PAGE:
Cauliflower 26
Chard, Swiss 106
Collards 220
Dandelion greens 147
Eggplant 22
Greens, beet 14
Kale 174
Mustard greens 284
Okra 147
Potato, sweet -baked 46
Spinach – cooked 167
Spinach- raw 51
Watercress – raw 53
Hijiki 1400
Almonds – raw 332
Cashews 53
Hazelnuts 282
Sesame seeds 165
Tofu 128
Beef -ground -lean 54
Chicken – breast 39
Chicken – thigh 41
Duck 37
Lamb – shoulder 35
Turkey -light meat 36
Turkey – dark meat 36
Egg -1 large-hard 27
Mackerel-canned 388
Salmon-fresh 358
Salmon- canned 431
Tuna – canned-water 32
Cheese – gruyere/swiss 287
Milk – low fat 297
Milk – skim 302
Milk – whole 291
Ricotta 509
Yogurt-low fat 415

 

© 2013-Dr. Vittoria Repetto
Want more information on Dr. Vittoria Repetto and her NYC Applied Kinesiology/Chiropractic practice; please go to http://www.drvittoriarepetto.com

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Please read: Hyla Cass, M.D.: Is Your Medication Robbing You of Nutrients Part 2: Getting Specific

Excellent article on how common medications deplete vital nutrients essential to your health, and explains how this happens.

Covers:  Anti-hypertensives, Beta blockers, Cholesterol – lowering drugs, Acid blockers, Antacids, Histamine-2 receptor antagonists & Proton-pump inhibitors, Oral hypoglycemics, Psychotrophic medications, Hormone replacement therapy and Antibiotics.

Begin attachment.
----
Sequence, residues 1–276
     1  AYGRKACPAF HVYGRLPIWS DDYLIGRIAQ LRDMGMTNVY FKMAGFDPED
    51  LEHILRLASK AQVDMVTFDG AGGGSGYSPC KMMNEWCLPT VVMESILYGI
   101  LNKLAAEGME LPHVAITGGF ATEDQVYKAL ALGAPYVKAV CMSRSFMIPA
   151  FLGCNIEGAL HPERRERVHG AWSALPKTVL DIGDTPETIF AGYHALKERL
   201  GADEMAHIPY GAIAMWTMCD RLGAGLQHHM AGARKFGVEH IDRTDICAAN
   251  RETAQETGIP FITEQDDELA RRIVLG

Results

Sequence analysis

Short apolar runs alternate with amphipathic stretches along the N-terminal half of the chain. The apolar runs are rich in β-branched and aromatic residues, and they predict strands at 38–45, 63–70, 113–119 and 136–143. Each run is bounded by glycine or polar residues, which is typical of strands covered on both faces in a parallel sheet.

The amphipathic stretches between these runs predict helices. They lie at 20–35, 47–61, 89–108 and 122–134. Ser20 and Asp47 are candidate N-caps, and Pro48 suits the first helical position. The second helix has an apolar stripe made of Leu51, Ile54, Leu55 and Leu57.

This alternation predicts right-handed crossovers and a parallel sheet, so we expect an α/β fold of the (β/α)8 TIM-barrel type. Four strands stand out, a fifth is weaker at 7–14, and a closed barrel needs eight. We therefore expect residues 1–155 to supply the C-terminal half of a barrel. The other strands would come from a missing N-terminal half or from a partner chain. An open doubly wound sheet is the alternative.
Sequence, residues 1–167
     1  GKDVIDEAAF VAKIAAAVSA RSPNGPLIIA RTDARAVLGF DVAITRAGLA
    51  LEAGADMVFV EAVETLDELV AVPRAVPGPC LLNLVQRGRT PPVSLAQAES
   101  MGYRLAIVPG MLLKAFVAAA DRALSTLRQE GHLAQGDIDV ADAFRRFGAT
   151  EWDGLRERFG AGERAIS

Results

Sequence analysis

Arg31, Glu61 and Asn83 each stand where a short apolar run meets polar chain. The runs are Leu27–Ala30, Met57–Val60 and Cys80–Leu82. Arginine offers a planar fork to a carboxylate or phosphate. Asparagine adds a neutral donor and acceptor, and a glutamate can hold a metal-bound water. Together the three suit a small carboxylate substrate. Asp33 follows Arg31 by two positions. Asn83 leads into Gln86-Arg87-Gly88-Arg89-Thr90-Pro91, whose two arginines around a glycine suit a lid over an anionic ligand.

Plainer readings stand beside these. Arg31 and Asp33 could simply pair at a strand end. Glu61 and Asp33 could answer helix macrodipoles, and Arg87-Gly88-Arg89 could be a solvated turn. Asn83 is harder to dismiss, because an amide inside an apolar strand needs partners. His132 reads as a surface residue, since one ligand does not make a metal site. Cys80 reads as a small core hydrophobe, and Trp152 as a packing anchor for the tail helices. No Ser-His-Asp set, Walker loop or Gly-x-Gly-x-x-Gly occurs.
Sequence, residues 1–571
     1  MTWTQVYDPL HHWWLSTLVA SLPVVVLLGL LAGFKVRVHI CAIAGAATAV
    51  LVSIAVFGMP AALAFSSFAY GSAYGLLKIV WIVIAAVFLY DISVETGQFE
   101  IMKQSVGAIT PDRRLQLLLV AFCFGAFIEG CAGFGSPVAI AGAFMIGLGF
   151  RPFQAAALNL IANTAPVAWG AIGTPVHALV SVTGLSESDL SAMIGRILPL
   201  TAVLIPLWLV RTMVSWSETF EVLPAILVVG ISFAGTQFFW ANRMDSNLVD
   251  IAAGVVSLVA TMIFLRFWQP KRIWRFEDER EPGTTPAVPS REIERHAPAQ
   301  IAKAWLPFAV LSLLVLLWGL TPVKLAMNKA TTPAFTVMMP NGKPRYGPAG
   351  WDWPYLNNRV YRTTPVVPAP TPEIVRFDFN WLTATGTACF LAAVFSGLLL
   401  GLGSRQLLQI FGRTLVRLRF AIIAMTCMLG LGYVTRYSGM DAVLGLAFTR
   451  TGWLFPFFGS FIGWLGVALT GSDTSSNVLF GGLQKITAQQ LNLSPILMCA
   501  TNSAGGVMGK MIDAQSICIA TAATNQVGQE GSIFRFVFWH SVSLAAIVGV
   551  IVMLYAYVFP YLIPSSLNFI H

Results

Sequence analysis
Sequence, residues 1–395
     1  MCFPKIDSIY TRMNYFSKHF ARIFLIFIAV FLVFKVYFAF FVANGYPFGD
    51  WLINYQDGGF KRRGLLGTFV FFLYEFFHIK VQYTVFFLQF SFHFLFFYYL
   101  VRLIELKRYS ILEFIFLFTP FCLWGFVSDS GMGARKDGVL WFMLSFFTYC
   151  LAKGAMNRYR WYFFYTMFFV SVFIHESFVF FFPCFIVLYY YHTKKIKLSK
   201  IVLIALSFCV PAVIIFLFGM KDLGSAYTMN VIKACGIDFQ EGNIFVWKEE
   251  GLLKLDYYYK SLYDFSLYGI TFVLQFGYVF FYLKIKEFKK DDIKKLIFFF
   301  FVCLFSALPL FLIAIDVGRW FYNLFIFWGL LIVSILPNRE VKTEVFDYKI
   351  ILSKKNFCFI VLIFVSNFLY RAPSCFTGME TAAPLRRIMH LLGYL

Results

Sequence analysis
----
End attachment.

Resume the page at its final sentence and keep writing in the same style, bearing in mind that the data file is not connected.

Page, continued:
Click here: Hyla Cass, M.D.: Is Your Medication Robbing You of Nutrients Part 2: Getting Specific

http://www.huffingtonpost.com/hyla-cass-md/is-your-medication-robbin_1_b_691711.html

Want more information on Dr. Vittoria Repetto and her NYC Applied Kinesiology/Chiropractic practice; please go to www.drvittoriarepetto.com or www.westbroadwaychiropractic.com
And please check out the Patient Testimonials at the “Our Practice” page at the web site
Want to be in the know on holistic information and postings? Click here: Facebook | West Broadway Chiropractic & Applied Kinesiology